Given these requirements, the easiest way is really to go for a dedicated NAS. Unless you want to go through the trouble of refurbishing an old computer of yours, figuring out how to get the RAID controller to work correctly, and finding a place for a box that’s probably 5 times bigger than it needs to be, that is. You could also build a custom PC, but if you’re considering it, then you’re probably able to figure it out on your own (although I may post a guide in a distant future).
A few years ago, ReadyNAS was all the rage for NASes, with Synology not far behind, but since they’ve been bought by Netgear (which was around the time I bought my NV+), ReadyNAS seems to have fallen behind. Now, the top of the line seems to be Qnap, Thecus, and Synology, if I believe those performance benchmarks.
Have a look at those benchmarks and pick the best models that fit your budget, but do keep an eye out for which configuration is used on each test. For instance, RAID-0 with many bays can out-perform everything else on some tasks, even though in practice it’s probably not a configuration you’d use.
Synology are known to have the more user-friendly administration UIs, so you may want to bias your choice accordingly. You may also be distracted for a while by all the stuff these boxes can do on top of simple file sharing, like BitTorrent clients and web servers and photo galleries and what not. Stay focused on their main role: serving files.
There’s not much to say about the software. If you bought a pre-built NAS as recommended, it will usually come with its own custom Linux-based OS with a fancy administration UI. You will just boot it, set up the shared folders and permissions, and maybe configure some additional sharing services you may need.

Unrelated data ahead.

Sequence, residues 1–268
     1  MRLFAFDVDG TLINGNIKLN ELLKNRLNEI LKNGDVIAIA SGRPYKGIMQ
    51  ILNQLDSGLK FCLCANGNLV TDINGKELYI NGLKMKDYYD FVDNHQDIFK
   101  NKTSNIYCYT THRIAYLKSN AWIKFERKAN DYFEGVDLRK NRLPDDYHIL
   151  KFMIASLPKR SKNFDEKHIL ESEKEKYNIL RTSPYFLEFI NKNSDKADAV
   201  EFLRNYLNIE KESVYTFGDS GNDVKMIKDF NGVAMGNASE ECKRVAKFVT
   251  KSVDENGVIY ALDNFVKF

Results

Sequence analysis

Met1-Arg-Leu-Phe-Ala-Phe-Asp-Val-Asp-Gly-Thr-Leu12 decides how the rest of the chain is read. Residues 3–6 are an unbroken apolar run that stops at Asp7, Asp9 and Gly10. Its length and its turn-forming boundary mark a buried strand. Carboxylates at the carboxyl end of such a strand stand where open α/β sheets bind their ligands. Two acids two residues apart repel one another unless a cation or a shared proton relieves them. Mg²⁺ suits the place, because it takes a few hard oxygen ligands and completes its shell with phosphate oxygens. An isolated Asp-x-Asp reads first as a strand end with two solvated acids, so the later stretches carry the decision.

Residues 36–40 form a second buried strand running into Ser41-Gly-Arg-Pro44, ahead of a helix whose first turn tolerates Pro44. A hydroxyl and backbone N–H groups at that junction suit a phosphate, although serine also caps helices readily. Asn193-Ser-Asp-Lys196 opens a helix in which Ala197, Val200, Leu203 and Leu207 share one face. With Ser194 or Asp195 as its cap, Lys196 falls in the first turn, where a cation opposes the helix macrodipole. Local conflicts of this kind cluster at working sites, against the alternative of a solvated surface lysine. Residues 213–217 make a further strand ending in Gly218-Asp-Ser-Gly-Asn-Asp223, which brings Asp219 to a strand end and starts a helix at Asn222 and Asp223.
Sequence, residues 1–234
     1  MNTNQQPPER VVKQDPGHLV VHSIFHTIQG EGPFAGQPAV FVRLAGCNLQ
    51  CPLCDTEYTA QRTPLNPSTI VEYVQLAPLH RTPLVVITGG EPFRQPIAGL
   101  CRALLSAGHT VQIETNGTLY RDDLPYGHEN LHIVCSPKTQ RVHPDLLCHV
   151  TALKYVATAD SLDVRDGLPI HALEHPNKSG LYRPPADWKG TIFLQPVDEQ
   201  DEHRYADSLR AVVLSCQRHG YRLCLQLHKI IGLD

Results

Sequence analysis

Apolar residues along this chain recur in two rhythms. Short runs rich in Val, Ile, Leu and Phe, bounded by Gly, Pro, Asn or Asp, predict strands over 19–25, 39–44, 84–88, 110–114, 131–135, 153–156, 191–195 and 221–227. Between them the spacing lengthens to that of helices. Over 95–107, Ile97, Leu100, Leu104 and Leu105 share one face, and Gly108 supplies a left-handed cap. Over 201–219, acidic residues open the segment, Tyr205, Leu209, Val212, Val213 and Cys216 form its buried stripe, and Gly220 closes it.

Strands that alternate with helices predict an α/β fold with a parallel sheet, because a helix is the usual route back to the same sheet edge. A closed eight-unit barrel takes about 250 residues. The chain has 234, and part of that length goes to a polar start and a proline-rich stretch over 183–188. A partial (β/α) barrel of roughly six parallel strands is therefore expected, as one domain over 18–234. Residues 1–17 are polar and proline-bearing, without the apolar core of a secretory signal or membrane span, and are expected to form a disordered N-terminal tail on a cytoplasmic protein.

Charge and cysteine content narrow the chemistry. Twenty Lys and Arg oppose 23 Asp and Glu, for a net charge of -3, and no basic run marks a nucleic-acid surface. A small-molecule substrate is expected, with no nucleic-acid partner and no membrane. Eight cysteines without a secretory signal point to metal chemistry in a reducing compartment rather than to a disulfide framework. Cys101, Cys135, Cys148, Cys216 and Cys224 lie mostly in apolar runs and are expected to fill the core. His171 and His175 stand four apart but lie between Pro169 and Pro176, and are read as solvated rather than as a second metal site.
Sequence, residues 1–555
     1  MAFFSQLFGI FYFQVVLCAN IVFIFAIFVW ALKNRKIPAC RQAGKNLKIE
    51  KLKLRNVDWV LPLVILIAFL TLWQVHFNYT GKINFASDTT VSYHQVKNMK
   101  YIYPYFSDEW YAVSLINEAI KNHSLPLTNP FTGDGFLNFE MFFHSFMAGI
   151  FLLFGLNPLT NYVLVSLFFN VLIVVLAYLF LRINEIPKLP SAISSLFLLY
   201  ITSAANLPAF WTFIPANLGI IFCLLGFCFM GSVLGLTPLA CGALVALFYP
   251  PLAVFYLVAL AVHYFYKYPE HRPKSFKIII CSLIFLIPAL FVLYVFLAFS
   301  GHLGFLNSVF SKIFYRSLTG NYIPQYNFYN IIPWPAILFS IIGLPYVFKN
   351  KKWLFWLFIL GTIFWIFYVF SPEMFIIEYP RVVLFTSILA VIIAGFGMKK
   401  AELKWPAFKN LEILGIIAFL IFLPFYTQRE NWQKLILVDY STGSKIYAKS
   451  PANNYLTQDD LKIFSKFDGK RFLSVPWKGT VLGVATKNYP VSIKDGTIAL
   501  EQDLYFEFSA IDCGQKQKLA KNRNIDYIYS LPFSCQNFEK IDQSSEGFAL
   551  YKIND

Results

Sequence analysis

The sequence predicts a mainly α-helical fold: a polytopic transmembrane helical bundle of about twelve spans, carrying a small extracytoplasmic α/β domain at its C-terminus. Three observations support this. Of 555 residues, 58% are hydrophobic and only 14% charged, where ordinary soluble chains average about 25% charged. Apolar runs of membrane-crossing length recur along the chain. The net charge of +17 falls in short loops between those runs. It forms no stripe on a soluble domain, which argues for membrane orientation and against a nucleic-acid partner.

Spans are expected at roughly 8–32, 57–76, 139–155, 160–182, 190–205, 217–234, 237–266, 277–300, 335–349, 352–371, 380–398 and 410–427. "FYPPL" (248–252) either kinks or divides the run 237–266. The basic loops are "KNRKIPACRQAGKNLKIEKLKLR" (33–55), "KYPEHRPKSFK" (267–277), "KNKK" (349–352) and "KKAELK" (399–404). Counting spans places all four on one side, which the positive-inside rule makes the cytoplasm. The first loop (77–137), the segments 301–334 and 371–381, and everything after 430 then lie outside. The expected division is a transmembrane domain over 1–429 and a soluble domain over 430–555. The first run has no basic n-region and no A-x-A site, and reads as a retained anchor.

If however you built your own NAS, or are using an existing desktop computer, install whatever you know best – MacOS, Windows, or, ideally, a lean Linux distro. Whatever you end up with, make sure your server is easy to remote into. You’re unlikely to hook up a screen and keyboard to it, so you’ll have to use Remote Desktop (on Windows) or SSH (on Mac/Linux) to do any kind of maintenance work. Note that some Linux distros, like the appropriately named FreeNAS, have a web adminstration panel.
Once you have your file server running, the first thing you need to do is set up some automated backups.
Let me write this again: YOU NEED TO SET UP SOME AUTOMATED BACKUPS.
I’m not kidding. Don’t say “oh I’m bored, I’ll do it next week-end, I just want to watch Netflix already”. You know perfectly well next week-end you’ll be browsing Facebook and cleaning your house because you had been putting that off for 3 weeks already. So do it now.
Again, if you got a pre-built NAS, this is probably as easy as plugging an external drive to the box and going through the administration panel to find the backup settings. Just do an incremental backup of the whole thing every night to that drive. Bonus points if your backup drive is itself a RAID array.
Your NAS may also have some kind of continuous backup system (sometimes called “snapshots”), so you can enable that too.
If you have a custom box, you’re probably smart enough to setup a scheduled
robocopy task (on Windows) or a
rsync (on Linux/Mac) to backup all your data to a secondary drive. If not, look it up online.
In the next parts, we’ll discuss a couple things, like what should actually go on that new fancy file server of yours.